Would I ever go back there? Of course not, but I am so glad I did. You will have to ask Sandy what she thinks……………

It was still only early afternoon and had time to kill before my evening plans. Sandy kindly agreed to give me more of a guided tour, this time around some of Manhattan’s Lower East Side. She really knows her stuff and we walked for about an hour as she showed me buildings of note and worth including Kossar’s which is famous for making Bialys.

Now, I have to be honest and say that, while I had heard of these things, I had never actually tried one. Similar to a bagel, but simply baked instead of being boiled first, they have their origin in Polish Askenazi cooking and seem to be something that is distinctly a New York thing.

Another distinctly New York thing is having an opinion on everything and everything and I laughed out loud when Sandy told me that her husband, Alan, now refuses to go there since they started selling the Bialys pre packaged after a change of ownership.

I am not sure if my chortling offended her, but Sandy announced that she had to head off to her own life which left me to potter around for a while before heading off for supper.

There are, I am sure, for all of you, some foods you just don’t get. I have met people who can’t eat a pork pie or a slab of black pudding without coming over all green. I have met people who go “ugh, fish” when offered the chance to eat something scaly. I have even met people who don’t eat meat but, lets not go there, that way lies madness.

I am, thankfully free of most of that silliness, but I do have an Achilles heel and it is pizza. I can’t stand the stuff and for years have bored anyone who will listen and plenty who wont by describing it as “snot on toast”

It is just one of those things I just don’t get. Why would you do such a thing to even half decent ingredients? It also seems to be entirely racially based. I could be had up in front of The Anti Italian Defamation League on some charge or other because I eat Turkish Pide like a good un, hell, I even eat cheese on toast, which being doughy and cheesy, is basically the same thing.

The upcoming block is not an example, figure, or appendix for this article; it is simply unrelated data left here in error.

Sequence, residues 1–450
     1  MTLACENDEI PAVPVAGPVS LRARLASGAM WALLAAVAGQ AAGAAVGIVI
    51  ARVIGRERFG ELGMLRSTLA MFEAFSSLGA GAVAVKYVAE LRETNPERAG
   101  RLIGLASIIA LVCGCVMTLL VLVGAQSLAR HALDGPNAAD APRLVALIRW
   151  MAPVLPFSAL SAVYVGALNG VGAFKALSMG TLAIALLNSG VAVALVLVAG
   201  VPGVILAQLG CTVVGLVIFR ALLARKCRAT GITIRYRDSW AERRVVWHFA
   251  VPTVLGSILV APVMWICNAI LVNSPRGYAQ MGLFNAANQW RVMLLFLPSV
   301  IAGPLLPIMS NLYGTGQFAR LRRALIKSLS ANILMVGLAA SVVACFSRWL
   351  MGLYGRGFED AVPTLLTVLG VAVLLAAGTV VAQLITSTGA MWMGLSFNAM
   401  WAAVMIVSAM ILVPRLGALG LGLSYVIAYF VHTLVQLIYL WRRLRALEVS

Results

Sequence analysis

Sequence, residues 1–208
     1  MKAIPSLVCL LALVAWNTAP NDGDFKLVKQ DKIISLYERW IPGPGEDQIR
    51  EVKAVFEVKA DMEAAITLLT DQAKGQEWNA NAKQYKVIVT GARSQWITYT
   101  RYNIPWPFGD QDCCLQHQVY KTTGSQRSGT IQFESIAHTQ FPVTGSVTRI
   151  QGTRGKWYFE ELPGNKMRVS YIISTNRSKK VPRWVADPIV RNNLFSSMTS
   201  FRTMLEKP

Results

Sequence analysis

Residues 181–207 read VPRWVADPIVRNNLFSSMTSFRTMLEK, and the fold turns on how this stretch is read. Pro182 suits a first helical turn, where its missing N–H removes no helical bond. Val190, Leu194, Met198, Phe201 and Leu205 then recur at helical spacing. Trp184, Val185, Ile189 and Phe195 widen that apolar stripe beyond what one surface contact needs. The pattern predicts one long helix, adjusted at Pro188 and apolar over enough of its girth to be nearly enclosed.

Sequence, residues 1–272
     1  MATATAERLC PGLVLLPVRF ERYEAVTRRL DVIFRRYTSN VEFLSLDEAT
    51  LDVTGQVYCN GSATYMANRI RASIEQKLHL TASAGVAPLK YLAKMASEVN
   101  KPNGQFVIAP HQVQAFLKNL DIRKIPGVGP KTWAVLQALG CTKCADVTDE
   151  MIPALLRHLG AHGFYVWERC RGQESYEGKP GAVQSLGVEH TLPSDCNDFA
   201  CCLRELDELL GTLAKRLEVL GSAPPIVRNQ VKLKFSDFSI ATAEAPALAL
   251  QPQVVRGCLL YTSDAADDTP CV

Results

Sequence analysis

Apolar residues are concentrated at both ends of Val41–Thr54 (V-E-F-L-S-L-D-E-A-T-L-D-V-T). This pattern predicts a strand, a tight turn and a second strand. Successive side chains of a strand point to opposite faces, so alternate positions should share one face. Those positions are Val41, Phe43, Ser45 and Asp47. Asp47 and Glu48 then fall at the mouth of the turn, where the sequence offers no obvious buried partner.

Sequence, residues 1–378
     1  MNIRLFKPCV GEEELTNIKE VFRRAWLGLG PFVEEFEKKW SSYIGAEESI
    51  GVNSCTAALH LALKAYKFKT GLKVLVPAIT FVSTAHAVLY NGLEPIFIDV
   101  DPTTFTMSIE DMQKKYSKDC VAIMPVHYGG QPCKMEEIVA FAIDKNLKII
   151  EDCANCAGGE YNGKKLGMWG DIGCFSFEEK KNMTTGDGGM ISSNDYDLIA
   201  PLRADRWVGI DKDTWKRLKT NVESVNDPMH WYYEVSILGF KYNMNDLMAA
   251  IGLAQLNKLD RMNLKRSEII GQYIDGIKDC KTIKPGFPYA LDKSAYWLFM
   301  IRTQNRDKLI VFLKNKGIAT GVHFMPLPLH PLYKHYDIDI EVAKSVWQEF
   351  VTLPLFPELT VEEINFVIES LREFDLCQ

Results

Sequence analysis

But, the thing that people love about this “Italian” speciality, its mix of dough, tomatoes, cheese, meat and slicks of olive oil, just turns me off. I know it’s my failing, but I also know I just don’t like them. So sue me.

People have tried to convince me otherwise and convert me to their evil ways but, so far, without success.

That night, my chums Beth & Peter Pizio were going to take another stab at it and, as agreed, I met them at Beth’s office in time to have a little Dutch courage in the form of a couple of pints of Guinness before heading off to the scene of, what they hoped would be, my Damascene conversion.

Their choice?

Pasty’s located deep in the heart of Spanish Harlem and their particular favourite because of its coal oven as opposed to wood. My suggestion that it would just make it coal oven cooked snot on toast as opposed to wood oven cooked snot on toast seemed to go unnoticed.

What can I say? The salad was nice. The pizzas were enormous, well of course they were, this is, after all NYC. On one, Garlic and basil with some anchovies on my bit. On the other, ricotta and sun dried tomatoes. I wanted to like it if only to please Beth and Peter who are excellent fellows and I really did try eating a slice of each, but in truth I was more taken with the cute waitress from New Zealand and chatting to my chums than I was with what was on my plate.

Those of you who know me will tell you this is a rare occurrence.

Beth and Peter insisted on picking up the tab which was incredibly generous. When they come to London, I am treating them to a Pork Pie and I will be equally as hospitable as they chow down on chunks of lardy pastry and fatty meat (yum!) See how they like them apples

After supper, they walked me almost all the way home across town to Sanjoy & Evelyn’s flat before saying goodbye and heading uptown to their own place.

So it was another fun day in NYC. Spent in the company of hugely agreeable people. I also got to try two more uniquely American foods, red sauce Italian and NY Pizza.

What can I tell you? I just think it is good of New York to take the blame for them.

1 comment:

Anonymous said...

April 9, 2008: Stopped by Kossar's Bialys today and was relieved to see that only paper bags, not plastic, were being used, in a return to form.